Sunnis Said Ready to End Boycott of Talks

Sunni Arabs are willing to end a boycott of talks to form a unity government if Shiites meet certain conditions, a top Sunni said on Monday amid reports that a kidnapped U.S. reporter is alive and that a top Al Qaeda terror leader was captured.

Four people were killed in scattered attacks.

Interior Ministry forces captured a top aide to Al Qaeda in Iraq leader Abu Musab al-Zarqawi during a raid in western Iraq, state television reported Monday.

Iraqiya TV identified the captive as Abu al-Farouq, a Syrian. It said he was captured with five other alleged Al Qaeda operatives in the Sunni insurgent stronghold of Ramadi, 70 miles west of Baghdad. The raid was carried out by the ministry's counterinsurgency Wolf Brigade.

Sunni Arabs are ready to end their boycott of talks to form a new Iraqi government if rival Shiites return mosques seized in last week's sectarian attacks and meet other unspecified demands, a top Sunni figure said Monday.

Meanwhile, U.S. Ambassador Zalmay Khalilzad told FOX News he believed U.S. journalist Jill Carroll is alive, despite that the deadline set by her kidnappers had passed.

"The Ministry of Interior said that she is alive and that they have information with regard to where she might be held," Khalilzad told FOX News.

"The minister announced today that he is optimistic about her release," he said.

Interior Minister Bayan Jabr also said he knew who abducted the 28-year-old journalist last month.

"We know his name and address, and we are following up on him as well as the Americans," he told ABC News. "I think she is still alive."

Carroll, a freelancer working for the Christian Science Monitor, was abducted Jan. 7 in Baghdad and was last seen on a videotape broadcast Feb. 10 by a Kuwaiti television station, Al-Rai. The station said the kidnappers threatened to kill her unless the United States met unspecified demands by Sunday.

In Germany, the government denied a New York Times report that its intelligence service had passed information about Saddam Hussein's plans for defending Baghdad to the United States a month before the U.S.-led invasion of Iraq in 2003.

The Times said a German intelligence officer supplied the information to the U.S. Defense Intelligence Agency in February 2003.

"This account is wrong," German government spokesman Ulrich Wilhelm said. "The Federal Intelligence Service and, therefore, also the government, had until now no knowledge of such a plan."

In continuing violence, four mortar rounds exploded Monday in a Shiite neighborhood, killing four and wounding 16, police Maj. Moussa Abdul Karim said. U.S. helicopters fired on three houses 15 miles west of Samarra and arrested 10 people, Iraqi police said.

It was unknown whether the raid was linked to Wednesday's bombing of a Shiite shrine in Samarra, triggering the wave of reprisal attacks that shook the nation last week.

The Sunnis boycotted the talks Thursday after the Askariya shrine bombing sparked attacks against Sunni mosques in Baghdad, Basra and elsewhere. The walkout and Sunni-Shiite clashes threatened U.S. plans to establish a unity government capable of luring Sunnis away from the insurgency and raised doubts about U.S. plans to begin withdrawing some of its 138,000 soldiers this year.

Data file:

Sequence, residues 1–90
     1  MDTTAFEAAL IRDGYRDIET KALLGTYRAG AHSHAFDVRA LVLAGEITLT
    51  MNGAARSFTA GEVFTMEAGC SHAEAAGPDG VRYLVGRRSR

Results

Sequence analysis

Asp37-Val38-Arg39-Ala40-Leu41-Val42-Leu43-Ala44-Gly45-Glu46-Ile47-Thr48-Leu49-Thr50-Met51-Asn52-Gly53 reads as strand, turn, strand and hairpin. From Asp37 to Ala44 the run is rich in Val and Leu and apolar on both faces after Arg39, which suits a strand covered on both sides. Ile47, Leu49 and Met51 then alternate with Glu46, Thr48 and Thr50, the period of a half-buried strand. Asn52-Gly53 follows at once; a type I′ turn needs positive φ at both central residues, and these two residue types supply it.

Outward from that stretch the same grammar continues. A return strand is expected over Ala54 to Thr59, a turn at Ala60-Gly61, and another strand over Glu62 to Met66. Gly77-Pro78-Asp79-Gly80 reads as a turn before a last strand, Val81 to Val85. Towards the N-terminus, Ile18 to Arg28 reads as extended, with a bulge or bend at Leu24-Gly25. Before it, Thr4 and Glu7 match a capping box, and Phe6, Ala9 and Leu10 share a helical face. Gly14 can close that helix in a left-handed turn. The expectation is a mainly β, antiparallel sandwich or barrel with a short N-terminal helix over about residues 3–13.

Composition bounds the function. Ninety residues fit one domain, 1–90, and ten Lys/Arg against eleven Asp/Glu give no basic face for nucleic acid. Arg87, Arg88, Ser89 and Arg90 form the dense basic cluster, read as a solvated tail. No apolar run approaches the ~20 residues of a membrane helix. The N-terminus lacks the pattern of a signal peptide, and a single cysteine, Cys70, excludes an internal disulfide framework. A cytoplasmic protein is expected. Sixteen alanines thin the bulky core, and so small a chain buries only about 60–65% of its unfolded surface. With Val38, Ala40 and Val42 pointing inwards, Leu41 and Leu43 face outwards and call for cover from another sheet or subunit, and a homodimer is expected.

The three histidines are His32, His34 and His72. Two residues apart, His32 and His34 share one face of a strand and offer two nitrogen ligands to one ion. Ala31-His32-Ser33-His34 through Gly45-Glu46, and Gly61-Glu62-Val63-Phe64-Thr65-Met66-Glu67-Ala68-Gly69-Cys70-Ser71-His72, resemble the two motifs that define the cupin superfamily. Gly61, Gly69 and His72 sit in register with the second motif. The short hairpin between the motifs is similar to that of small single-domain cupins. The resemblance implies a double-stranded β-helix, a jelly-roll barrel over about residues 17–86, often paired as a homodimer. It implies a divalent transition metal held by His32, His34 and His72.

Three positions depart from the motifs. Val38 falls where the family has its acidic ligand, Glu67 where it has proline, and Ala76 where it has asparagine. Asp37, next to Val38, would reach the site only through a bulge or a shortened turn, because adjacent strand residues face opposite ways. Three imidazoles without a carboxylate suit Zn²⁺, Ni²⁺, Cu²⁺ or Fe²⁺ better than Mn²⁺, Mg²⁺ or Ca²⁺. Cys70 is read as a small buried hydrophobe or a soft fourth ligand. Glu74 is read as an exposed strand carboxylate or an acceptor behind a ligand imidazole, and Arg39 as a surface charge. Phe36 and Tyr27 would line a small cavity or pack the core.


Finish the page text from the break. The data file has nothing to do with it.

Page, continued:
Adnan al-Dulaimi, whose Iraqi Accordance Front spearheaded the Sunni boycott, said the Sunnis have not decided to return to the talks but are "intent on participating" in a new government.

"The situation is tense and within the next two days, we expect the situation to improve and then we will have talks," he told The Associated Press. "We haven't ended our suspension completely but we are on the way to end it."

He said there were "some conditions" that must be met first, chief among them the return of mosques still occupied by Shiite militants in Baghdad and Salman Pak. Al-Dulaimi did not mention the other demands, but some Sunni politicians have insisted on replacing Shiite police with Sunni soldiers in heavily Sunni areas.

Four people were killed Monday when several shells exploded near the Nasir Market in the mostly Shiite Shula area of western Baghdad, police said.

Otherwise, the city was generally peaceful Monday — the first day without extended curfews or a ban on private vehicles since the crisis erupted, pushing the nation to the brink of civil war.

Four bodies — blindfolded and handcuffed — were found Monday in Dora, a Baghdad neighborhood where a mortar barrage the night before killed 16 people and wounded 53. Two Iraqi soldiers were wounded in an ambush Monday in Mahmoudiya, about 20 miles south of the capital, officials said.

The U.S. military said an American soldier had died from non-combat related injuries suffered Friday north of Baghdad. The statement did not elaborate. Three soldiers were killed Sunday in combat in the capital.

Their deaths brought to at least 2,291 the number of members of the U.S. military who have died since the war began, according to an Associated Press count.

Four people were killed in a pair of shootings Monday in Baqouba, the Diyala provincial capital. The day before, gunmen killed two youths playing soccer in Baqouba and wounded five.

Although sectarian violence has receded since the attacks last week, tensions remain high between majority Shiites and the minority Sunnis. Shiites dominate ranks of the government security forces and most of the insurgents are Sunnis.

More than 60 Shiite families fled their homes in predominantly Sunni areas west and north of Baghdad after receiving threats, said Shiite legislator Jalaladin al-Saghir and Iraqi army Brig. Gen. Jalil Khallaf.

Sunni and Shiite religious leaders have called for unity and an end to attacks on each other's mosques.

The Associated Press contributed to this report.